Showing posts with label lunar eclipse. Show all posts
Showing posts with label lunar eclipse. Show all posts

Wednesday, August 2, 2017

Three Good Videos About Solar Eclipses

On August 21st a solar eclipse will cover a large portion of the United States. If you're in an area that the eclipse will cover, you may want to have your students build solar eclipse viewing boxes. But before doing that, you may want to have your students review how eclipses happen. The following three videos are good for that purpose.

Of the three videos in this post, this one from Vox is the most detailed and is well suited to use in a flipped lesson tool like EDpuzzle.


If you need a short refresher to post in a classroom blog, the following video from the Washington Post is a good choice.


Finally, for elementary school classrooms, SciShow Kids offers the following lesson about solar eclipses. The shortcoming of this video is that it is based on the solar eclipse that covered parts of Europe in 2015. That might be a little confusing for some students.

Tuesday, December 21, 2010

Video - Winter Solstice Lunar Eclipse

Depending on where you live last night or early this morning you could have observed a lunar eclipse. If you stayed in bed instead of watching it, you can see what it looked like through any number of videos of it posted on the web. One of the better ones I've seen, embedded below, is a time lapse video shot and produced by William Castleman. The video was captured in Gainseville, Florida.

Winter Solstice Lunar Eclipse from William Castleman on Vimeo.

A neat resource for teaching about the lunar eclipse is this simulation from Hey What's That? that uses the Google Earth browser plugin.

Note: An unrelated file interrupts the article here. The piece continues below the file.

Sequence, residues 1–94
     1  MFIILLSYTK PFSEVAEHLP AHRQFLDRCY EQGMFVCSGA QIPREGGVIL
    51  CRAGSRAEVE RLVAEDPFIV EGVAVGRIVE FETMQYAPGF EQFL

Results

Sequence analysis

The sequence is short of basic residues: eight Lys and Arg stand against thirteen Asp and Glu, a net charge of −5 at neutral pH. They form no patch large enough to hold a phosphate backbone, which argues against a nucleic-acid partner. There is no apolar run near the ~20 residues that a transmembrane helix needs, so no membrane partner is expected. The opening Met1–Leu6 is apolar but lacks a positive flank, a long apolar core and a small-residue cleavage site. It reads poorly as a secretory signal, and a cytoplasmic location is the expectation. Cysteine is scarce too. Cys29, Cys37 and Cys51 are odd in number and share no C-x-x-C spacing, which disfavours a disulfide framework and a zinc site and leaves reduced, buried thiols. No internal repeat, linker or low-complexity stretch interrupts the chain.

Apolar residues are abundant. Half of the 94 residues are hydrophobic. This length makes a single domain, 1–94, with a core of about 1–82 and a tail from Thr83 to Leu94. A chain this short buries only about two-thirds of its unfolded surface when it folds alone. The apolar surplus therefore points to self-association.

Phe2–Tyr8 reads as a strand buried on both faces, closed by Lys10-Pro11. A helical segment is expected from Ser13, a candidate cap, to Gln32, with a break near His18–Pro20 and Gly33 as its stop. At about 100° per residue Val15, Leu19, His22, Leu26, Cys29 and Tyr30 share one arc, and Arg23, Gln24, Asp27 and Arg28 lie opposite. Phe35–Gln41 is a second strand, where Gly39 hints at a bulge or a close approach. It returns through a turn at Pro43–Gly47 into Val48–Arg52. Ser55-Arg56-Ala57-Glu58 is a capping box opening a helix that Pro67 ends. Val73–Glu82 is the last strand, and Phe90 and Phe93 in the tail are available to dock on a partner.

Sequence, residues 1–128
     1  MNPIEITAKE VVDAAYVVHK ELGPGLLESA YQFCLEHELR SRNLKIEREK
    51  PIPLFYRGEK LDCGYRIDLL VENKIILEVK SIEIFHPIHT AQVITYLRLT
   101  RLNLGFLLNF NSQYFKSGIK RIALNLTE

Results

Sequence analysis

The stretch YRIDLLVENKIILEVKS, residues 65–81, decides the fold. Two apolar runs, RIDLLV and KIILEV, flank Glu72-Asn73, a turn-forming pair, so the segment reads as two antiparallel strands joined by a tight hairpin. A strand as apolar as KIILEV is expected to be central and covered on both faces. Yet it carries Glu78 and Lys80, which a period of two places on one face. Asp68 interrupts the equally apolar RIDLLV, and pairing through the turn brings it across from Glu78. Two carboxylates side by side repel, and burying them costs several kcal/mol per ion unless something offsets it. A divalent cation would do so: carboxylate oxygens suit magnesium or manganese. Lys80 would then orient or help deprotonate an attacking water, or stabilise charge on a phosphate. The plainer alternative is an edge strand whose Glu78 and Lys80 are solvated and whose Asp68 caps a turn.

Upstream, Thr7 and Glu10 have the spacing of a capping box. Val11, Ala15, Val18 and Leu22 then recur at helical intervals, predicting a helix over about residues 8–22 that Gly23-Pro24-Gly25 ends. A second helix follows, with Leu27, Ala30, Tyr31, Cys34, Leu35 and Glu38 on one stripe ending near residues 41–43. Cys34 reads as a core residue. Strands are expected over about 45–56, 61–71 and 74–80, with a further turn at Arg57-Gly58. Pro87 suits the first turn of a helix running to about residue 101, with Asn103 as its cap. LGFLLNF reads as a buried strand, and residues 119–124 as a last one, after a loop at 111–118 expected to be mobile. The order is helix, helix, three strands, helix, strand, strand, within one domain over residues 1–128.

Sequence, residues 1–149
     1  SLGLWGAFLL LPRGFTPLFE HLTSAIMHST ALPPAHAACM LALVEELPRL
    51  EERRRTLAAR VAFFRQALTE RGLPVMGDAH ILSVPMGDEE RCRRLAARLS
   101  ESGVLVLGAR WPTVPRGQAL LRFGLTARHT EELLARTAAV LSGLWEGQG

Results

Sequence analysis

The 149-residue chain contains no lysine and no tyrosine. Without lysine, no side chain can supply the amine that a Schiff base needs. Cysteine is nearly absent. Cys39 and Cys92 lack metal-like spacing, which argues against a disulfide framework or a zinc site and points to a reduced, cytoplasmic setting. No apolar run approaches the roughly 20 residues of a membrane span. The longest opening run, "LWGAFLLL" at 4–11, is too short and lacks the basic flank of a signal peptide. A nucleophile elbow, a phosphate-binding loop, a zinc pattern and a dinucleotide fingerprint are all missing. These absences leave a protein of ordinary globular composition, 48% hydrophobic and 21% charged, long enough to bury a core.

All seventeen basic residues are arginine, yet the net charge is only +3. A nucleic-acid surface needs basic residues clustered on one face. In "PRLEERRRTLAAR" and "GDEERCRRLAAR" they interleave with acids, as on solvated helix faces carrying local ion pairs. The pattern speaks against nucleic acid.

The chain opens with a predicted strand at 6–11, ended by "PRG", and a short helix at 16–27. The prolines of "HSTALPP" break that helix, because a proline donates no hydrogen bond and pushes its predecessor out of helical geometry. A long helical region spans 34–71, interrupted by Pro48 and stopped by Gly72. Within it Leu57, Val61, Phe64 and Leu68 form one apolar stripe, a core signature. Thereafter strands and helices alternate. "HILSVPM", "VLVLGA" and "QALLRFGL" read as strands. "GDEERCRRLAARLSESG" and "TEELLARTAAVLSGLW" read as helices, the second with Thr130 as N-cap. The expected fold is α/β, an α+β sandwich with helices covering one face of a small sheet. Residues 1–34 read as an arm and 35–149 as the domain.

Here are some related items that may be of interest to you:
Solar Eclipse Simulation in Google Earth
NASA eClips - Educational Videos for K-12 Students
Explore Google Sky

Sunday, December 19, 2010

Hey What's That? - It's a Lunar Eclipse!

In a couple of days (December 21) there will be a lunar eclipse. Chances are you won't be with your students during the eclipse, but you can still work the event into your classroom through Hey What's That? Hey What's That? uses the Google Earth Plugin to create a simulation of the lunar eclipse. Using the simulation's timeline slider you can see how the sky should look at different times during the lunar eclipse.

H/T to Google Maps Mania.

Applications for Education
The simulation available on Hey What's That? could be a nice visual aid to help students understand how a lunar eclipse occurs. The simulation allows students to flip and spin the globe which could help them see why not all people on the Earth will see the eclipse.

Here are some related items that may be of interest to you:
Solar Eclipse Simulation in Google Earth
NASA eClips - Educational Videos for K-12 Students
Explore Google Sky